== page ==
Testing kits ordered for monkeypox detection, will arrive soon: health minister

Published May 27, 2022
Health Minister Abdul Qadir Patel (L) speaks to Dawn News correspondent (R) Nadir Gurmani on Friday. — DawnNewsTV
Health Minister Abdul Qadir Patel (L) speaks to Dawn News correspondent (R) Nadir Gurmani on Friday. — DawnNewsTV

Health Minister Abdul Qadir Patel said on Friday that the government has ordered testing kits for to diagnose monkeypox — a viral disease that has been spreading in Europe and elsewhere in recent days — but he was quick to dispel reports that some cases of the disease had been reported in Pakistan.

"We have ordered ... the kits [for testing] and they will reach soon," he told Dawn.com.

The minister termed reports of the disease's presence in Pakistan "misleading" that "should not be taken seriously".

"We have alerted all [staff at] entry points [of the country] and there has been no case so far," he said.

On Tuesday, the National Institute of Health (NIH) had also clarified that no monkeypox cases had yet been detected in Pakistan and said news circulating about the disease's prevalence in the country on social media was "incorrect".

The clarification from the institute had come a day after it issued an alert, calling upon national and provincial health authorities to remain on high alert for any suspected case of monkeypox.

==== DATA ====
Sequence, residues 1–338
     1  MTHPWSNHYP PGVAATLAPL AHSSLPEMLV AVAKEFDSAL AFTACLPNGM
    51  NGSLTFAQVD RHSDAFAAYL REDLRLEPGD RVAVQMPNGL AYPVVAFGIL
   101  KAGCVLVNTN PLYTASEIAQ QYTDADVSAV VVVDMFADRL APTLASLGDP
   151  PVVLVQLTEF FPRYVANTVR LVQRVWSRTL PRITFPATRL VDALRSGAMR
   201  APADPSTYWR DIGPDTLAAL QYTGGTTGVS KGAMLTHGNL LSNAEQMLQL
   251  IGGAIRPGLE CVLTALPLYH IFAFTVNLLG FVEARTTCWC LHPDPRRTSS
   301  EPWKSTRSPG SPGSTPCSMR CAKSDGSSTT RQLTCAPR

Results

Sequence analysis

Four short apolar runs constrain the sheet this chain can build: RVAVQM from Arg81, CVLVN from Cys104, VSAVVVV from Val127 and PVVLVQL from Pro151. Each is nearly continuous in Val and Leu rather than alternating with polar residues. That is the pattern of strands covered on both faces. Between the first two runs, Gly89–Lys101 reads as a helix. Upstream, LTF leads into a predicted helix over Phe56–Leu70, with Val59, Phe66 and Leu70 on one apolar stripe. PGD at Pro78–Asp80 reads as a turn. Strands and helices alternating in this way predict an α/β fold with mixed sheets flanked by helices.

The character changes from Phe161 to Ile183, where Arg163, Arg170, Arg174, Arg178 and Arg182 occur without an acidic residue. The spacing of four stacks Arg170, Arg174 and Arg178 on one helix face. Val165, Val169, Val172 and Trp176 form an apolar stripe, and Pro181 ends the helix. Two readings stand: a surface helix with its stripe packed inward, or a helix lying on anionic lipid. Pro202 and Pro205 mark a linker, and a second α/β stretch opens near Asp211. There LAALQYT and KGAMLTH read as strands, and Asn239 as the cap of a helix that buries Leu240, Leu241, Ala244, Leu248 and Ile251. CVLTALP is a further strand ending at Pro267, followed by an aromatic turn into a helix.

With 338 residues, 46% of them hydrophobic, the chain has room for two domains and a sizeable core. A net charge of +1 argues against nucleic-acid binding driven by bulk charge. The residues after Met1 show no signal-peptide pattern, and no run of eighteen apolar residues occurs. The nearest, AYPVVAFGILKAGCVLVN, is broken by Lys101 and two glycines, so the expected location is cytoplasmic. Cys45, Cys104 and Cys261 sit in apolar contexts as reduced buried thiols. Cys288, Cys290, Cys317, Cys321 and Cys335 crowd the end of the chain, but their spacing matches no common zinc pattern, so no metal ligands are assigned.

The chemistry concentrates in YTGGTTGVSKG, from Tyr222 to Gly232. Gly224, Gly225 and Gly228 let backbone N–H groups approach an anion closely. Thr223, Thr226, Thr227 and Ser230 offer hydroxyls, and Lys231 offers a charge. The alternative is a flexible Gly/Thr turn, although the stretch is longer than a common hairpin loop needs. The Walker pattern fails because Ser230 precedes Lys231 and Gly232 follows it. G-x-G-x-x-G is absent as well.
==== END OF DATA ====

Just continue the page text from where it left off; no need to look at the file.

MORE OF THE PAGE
The NIH had further said that steps to pre-empt a potential outbreak in the country had already been taken, with arrangements made at all airports — including medical screenings — in order to identify any infected passengers.

Explainer: How concerned should we be about monkeypox?

What is monkeypox

According to an alert issued by the NIH, monkeypox is a rare viral zoonotic disease that is caused by infection with the monkeypox virus.

Although the natural reservoir of monkeypox is unknown, African rodents and non-human primates like monkeys may harbour the virus and infect people.

The alert said the disease could be transmitted through contact with infected animals, humans or materials contaminated with the virus.

The virus enters the body through broken skin, the respiratory tract or the mucous membranes like the eyes, nose or mouth.

The patient develops a rash within one to three days after the appearance of fever, often beginning on the face and then spreading to other parts of the body. Other symptoms include headache, muscle aches, exhaustion and lymphadenopathy.

The incubation period is usually seven to 14 days but can range from five to 21 days. The illness typically lasts for two to four weeks.

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